Nearly 3 billion people in low- and middle-income countries rely on traditional cookstoves fueled by biomass, such as wood and dung, to cook and to heat their homes. Traditional cooking leads to high levels of household air pollution (HAP), including black carbon, which contributes significantly to climate change. Exposure to smoke from HAP causes 3.8 million premature deaths each year, including more than 1 million deaths in India. Improved cookstoves (ICS) that leverage fuels such as pellets and other biomass, electricity, and liquefied petroleum gas (LPG) are cleaner alternatives. Sadly, low uptake of ICS by intended users has blocked progress in the sector. A variety of barriers impede clean cookstove adoption, including stove designs that fail to meet the needs of rural women, limited financing options, equipment that is not user-friendly, a lack of after-sales service at the last mile, and a market model that is not sustainable for rural energy entrepreneurs.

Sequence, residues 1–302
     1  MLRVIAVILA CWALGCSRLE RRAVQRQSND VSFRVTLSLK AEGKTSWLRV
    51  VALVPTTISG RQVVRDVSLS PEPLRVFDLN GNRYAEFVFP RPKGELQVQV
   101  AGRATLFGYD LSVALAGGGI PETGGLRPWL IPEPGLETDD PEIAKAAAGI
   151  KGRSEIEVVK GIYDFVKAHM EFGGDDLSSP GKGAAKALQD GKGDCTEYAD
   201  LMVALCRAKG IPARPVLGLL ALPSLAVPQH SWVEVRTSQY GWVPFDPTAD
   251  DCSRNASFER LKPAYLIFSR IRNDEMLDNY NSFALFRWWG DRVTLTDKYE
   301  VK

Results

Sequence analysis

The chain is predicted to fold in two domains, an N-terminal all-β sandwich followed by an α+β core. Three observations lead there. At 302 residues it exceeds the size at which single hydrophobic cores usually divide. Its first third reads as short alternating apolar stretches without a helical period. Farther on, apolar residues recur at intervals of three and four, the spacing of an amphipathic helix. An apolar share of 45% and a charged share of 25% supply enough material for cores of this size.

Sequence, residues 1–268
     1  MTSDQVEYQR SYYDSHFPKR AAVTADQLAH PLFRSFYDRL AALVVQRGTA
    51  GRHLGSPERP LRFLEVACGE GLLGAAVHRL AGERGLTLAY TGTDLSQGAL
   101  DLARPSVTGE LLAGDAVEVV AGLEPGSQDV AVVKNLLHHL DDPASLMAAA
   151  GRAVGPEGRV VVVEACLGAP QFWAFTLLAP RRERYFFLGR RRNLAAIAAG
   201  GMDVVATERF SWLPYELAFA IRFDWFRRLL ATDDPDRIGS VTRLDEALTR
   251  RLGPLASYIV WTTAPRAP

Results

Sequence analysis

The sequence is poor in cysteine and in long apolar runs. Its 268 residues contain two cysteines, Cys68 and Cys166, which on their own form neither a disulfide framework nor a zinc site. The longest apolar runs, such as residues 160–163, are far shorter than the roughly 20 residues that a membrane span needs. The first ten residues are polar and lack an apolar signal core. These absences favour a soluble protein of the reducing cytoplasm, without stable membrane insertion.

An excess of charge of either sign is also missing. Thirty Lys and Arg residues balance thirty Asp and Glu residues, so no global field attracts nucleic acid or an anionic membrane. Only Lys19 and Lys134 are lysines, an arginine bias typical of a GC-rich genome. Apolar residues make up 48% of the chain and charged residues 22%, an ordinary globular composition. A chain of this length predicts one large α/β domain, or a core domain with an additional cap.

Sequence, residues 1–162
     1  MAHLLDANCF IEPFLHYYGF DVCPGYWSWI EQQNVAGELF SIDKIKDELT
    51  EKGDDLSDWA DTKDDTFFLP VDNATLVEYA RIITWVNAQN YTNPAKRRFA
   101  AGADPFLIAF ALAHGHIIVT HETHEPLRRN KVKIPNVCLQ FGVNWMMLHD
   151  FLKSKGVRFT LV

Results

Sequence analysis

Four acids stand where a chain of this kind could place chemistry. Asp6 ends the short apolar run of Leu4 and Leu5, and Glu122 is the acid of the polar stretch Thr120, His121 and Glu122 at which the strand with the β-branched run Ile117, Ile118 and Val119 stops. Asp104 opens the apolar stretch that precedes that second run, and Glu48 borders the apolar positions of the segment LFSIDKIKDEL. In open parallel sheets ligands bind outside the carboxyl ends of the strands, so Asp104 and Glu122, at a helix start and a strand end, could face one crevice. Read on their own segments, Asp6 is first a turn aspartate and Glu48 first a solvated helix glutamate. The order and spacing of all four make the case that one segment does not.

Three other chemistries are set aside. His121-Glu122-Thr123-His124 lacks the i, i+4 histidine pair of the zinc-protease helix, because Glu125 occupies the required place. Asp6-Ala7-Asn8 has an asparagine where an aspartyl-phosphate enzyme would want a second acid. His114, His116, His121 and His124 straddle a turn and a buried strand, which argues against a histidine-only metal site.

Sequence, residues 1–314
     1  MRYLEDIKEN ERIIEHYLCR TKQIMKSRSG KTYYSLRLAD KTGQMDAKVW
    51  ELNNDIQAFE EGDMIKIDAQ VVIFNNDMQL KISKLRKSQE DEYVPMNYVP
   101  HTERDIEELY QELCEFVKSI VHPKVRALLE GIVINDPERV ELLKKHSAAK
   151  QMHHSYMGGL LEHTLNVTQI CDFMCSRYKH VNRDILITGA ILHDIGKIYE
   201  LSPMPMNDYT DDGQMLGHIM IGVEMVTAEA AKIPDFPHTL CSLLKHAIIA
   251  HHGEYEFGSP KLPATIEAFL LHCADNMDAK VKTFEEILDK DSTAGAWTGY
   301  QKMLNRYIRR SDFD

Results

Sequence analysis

We can’t fix problems we can’t see. If we do not track adoption of improved cookstoves continuously over time, stakeholders have little to no insight into ICS performance, user acceptability, or when design solutions are required to address these barriers.